For over a hundred years, Jaipur, the so-called "Pink City," was famously gray. It was only in 1882 that it was painted pink (the traditional color of welcome) in honor of a visit by Prince Albert, Queen Victoria's consort. That sense of hospitality is apt for its literary festival, opening today. Now in its fifth year, from the start the philosophy has always been that it should welcome as many readers as possible. Some 20,000 are expected, but this is not a place with green rooms, wrist bands, or VIP areas, despite the fact that this year’s lineup is just a few starry names shy of a large constellation.
“It’s not about me meeting readers as much as an opportunity for me, as a reader and fan, to meet writers I admire,” says Geoff Dyer.
Just as the first-time visitor to Jaipur is astonished to see elephants trotting down the freeways with the cars, the first-time visitor to the Jaipur Literature Festival can expect to find his or herself cheek by jowl with their literary heroes. Co-founder William Dalrymple recalls Vikram Seth perching on the floor in the food tent when there were no chairs, and Julia Roberts (unrecognized) being told to get out of the way. His partner in creating the festival, Delhi-based publisher Namita Gokhale, has fond memories of sitting with Indian poet Gulzar on the lawns of Diggi Palace as his Oscar nomination for Slumdog Millionaire was announced. An awe-inspiring moment typical of a festival with its finger on the pulse of the lightning connection between East and West, be it in film or publishing.
“Jaipur Literature Festival is unique in that is straddles many worlds,” she says. "While hosting the best writers in English and other international languages, it also reflects the diversity and plurality of Indian literatures. We try to compose a total canvas.” Dalrymple moved to India from the U.K. in 2004. While India had long been his own subject, he was immediately struck by how the country "appeared to be at the center of the global literary hurricane: Every year, it seemed, another brilliant young Indian wunderkind would storm the bestseller list and run away with the Booker." Despite this, at literary festivals all over the globe, "all the usual Indian writers were there—everywhere, that is, except India… one tended to meet far more of what the West regards as the A-list Indian writers in English at the literary festival of Hay-on-Wye in the Welsh countryside, or Edinburgh or even Sydney, than one ever did in Bombay or Delhi."
Keen to remedy this, and sensing a genuine appetite to encounter authors reading and discussing their own work, he and Gokhale have been working together since 2006 when Hari Kunzru was one of these first major Indian novelists to appear. A year later, the program could boast of a brace of Booker winners: Kiran Desai, who had just won for The Inheritance of Loss, and Salman Rushdie, who Gokhale recalls wandered un-starrily through the lawns to the delight of his Indian fans.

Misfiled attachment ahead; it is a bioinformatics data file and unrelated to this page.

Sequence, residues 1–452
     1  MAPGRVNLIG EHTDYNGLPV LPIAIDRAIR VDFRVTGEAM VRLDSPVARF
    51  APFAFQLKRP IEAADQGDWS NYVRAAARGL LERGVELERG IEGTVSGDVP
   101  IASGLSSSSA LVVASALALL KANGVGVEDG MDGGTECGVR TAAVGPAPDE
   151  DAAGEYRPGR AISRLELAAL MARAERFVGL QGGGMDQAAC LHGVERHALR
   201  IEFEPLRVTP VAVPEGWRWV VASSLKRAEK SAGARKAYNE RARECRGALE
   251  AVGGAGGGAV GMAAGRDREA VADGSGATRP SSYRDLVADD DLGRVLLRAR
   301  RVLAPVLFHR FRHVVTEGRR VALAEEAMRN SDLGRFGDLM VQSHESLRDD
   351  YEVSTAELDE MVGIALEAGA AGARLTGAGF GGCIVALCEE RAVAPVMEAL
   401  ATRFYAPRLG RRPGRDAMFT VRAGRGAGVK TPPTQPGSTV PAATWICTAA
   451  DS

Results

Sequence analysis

Last year, 160 authors appeared—astonishing, but not as astonishing as the attendance, which had by now climbed to 20,000, meaning that in just five years Jaipur had become the biggest literary festival in Asia. This year, the tradition of the young novelist wunderkind continues with Ali Sethi, whose novel The Wish Maker, about his coming of age in Pakistan, has already attracted attention. (Sethi will be reading, and talking about writing about his childhood with Esther Freud, who used her own adventures in her debut Hideous Kinky and, more loosely, in her most recent book, Love Falls.) Other hotly tipped new writers also include Tania James, whose first novel, Atlas of Unknowns, is published this year, and award-winning poet Tishani Doshi, who will also be talking about her first novel, The Pleasure Seekers.
A festivalgoer last year, Karishma Gaur, wrote of the way in which, "there is no way that one can sum up… the pleasure of being able to hear and see and talk to the people that we’ve only known from printed prose all our lives.” Festivals make star-struck readers of all of their attendees—not least the top-billed writers themselves. “It’s not about me meeting readers as much as an opportunity for me, as a reader and fan, to meet writers I admire,” says Geoff Dyer. "Steve Coll! The great Roberto Calasso! Wow-ee!"
Dyer’s novel, Jeff in Venice, Death in Varanasi, won acclaim in the West. Two journeys fight for supremacy in the imagination of both “Jeff” and his readers: a love story in the chaos of Venice Biennale, and his self-negation in Varanasi, the Venice of the East. His Jeff, hanging out with his travelers, losing his mind, is the ultimate “gap-year tragedy”—the cynical term for someone that gets so inspired by their travels that they lose the plot entirely. The real Geoff, however, is excited to be returning. “I've been to India—and Rajasthan—before, but never to Jaipur. After the festival I'm going to quite a few other places I've never been to before. I'm not going to Varanasi again on this trip and I'm quite relieved. I feel I couldn't take that level of intensity."
For her part, Freud is returning to Jaipur for the first time in 25 years. “I was travelling round in India with a friend and it was one of the last places I visited. I promised myself that one day I'd come back!” Whether you are a reader or a writer, Gokhale has simple advice: "Step aside from daily life and immerse yourself in a celebration of writers, books, and ideas. Listen to the music in the evenings. Look at the moon and hear Rick Stroud talk about it.”
Subscribe to email updates from Book Beast to receive dispatches from the Jaipur Literature Festival.
Olivia Cole writes for the Spectator and the London Evening Standard. An award-winning poet, her first collection, Restricted View, will be published this fall.